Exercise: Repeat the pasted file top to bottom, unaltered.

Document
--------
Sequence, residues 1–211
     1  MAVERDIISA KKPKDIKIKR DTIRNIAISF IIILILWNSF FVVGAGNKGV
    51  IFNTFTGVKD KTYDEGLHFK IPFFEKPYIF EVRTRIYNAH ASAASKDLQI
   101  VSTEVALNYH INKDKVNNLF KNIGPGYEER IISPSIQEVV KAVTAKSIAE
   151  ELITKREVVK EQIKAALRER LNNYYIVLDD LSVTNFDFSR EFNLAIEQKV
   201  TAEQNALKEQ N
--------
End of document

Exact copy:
Sequence, residues 1–211
     1  MAVERDIISA KKPKDIKIKR DTIRNIAISF IIILILWNSF FVVGAGNKGV
    51  IFNTFTGVKD KTYDEGLHFK IPFFEKPYIF EVRTRIYNAH ASAASKDLQI
   101  VSTEVALNYH INKDKVNNLF KNIGPGYEER IISPSIQEVV KAVTAKSIAE
   151  ELITKREVVK EQIKAALRER LNNYYIVLDD LSVTNFDFSR EFNLAIEQKV
   201  TAEQNALKEQ N